13 June 2012

COMING SOON: Black City by Elizabeth Richards

I am in love with this cover! That's all I have to say.

Have a nice week to anyone reading!

Black City (Black City Chronicles #1)
by Elizabeth Richards
Publisher: G.P. Putnam's Sons BYR
13 November 12
373 Pages

A dark and tender post-apocalyptic love story set in the aftermath of a bloody war. In a city where humans and Darklings are now separated by a high wall and tensions between the two races still simmer after a terrible war, sixteen-year-olds Ash Fisher, a half-blood Darkling, and Natalie Buchanan, a human and the daughter of the Emissary, meet and do the unthinkable--they fall in love. Bonded by a mysterious connection that causes Ash's long-dormant heart to beat, Ash and Natalie first deny and then struggle to fight their forbidden feelings for each other, knowing if they're caught, they'll be executed--but their feelings are too strong. When Ash and Natalie then find themselves at the center of a deadly conspiracy that threatens to pull the humans and Darklings back into war, they must make hard choices that could result in both their deaths.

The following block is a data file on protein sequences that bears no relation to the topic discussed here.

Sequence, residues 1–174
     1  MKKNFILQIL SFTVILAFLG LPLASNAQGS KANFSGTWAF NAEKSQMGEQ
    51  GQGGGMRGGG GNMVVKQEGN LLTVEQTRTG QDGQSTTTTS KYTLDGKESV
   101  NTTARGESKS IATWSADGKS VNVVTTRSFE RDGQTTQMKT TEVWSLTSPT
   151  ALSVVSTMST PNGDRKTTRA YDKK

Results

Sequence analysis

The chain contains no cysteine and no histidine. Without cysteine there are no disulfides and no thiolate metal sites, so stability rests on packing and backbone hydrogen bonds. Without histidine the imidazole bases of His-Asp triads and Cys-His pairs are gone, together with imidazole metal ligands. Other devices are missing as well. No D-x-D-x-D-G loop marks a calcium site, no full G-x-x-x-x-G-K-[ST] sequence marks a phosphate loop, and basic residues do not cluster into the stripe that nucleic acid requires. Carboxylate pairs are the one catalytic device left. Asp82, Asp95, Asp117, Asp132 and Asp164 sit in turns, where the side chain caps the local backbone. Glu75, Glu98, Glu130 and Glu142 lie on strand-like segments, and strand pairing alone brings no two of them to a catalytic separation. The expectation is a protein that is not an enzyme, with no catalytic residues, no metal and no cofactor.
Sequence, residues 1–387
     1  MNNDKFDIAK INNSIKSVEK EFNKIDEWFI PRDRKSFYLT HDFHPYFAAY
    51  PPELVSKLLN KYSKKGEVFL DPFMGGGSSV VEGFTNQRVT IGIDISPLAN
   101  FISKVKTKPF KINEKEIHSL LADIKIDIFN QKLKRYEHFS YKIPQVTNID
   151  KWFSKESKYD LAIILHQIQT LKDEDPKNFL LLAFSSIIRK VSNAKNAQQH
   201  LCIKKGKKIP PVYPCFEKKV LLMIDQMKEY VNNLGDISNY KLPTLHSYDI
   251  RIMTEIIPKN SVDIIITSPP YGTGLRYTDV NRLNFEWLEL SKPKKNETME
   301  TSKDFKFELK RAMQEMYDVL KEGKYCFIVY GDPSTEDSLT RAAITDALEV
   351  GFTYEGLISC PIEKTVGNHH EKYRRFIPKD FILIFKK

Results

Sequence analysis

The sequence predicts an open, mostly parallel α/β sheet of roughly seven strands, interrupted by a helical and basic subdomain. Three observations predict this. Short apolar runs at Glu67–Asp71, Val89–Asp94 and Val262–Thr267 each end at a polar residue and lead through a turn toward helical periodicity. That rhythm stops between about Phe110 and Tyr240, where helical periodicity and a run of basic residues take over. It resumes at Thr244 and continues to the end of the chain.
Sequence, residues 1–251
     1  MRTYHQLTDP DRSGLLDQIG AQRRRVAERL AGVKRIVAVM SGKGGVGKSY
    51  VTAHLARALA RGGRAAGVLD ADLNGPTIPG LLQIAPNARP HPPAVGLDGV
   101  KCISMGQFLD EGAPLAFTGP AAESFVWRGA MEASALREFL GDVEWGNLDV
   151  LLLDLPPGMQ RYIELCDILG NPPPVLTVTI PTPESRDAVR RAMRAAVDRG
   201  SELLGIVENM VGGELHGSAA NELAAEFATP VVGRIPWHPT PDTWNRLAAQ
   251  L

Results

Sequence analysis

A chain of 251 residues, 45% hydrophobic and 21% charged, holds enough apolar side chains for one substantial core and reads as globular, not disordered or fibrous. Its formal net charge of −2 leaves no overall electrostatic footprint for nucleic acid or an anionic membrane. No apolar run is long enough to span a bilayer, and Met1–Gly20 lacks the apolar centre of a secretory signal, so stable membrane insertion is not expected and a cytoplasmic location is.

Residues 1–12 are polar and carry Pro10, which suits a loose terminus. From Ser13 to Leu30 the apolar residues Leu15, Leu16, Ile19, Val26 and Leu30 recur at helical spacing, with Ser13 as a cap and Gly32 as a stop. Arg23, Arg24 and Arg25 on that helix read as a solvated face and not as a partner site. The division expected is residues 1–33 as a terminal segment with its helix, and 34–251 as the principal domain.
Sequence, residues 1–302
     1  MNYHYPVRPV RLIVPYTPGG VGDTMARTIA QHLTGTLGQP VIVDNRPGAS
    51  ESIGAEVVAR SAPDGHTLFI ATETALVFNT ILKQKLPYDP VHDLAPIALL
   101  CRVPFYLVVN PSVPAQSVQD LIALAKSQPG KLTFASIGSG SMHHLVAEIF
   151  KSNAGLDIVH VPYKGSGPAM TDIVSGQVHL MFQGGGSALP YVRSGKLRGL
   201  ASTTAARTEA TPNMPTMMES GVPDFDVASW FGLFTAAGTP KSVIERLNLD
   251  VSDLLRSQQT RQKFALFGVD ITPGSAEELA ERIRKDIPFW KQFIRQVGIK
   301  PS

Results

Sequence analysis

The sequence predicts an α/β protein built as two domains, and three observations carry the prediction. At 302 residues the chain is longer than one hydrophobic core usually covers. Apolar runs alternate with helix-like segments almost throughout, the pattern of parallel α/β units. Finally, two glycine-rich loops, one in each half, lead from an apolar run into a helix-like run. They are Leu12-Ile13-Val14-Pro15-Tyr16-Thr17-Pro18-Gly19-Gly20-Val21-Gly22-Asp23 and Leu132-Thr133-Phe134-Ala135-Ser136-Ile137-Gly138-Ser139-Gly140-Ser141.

27 May 2012

Heroine Cliches that are Annoying the MUFFINNUGGETS Out of Me

(Listed in No Particular Order)

1. The Super Bad Ass But Totally Bitchy in a I-Will-Rip-Your-Tongue-Out-If-You-So-Much-As-Look-At-Me-the-Wrong-Way Type of... Bitch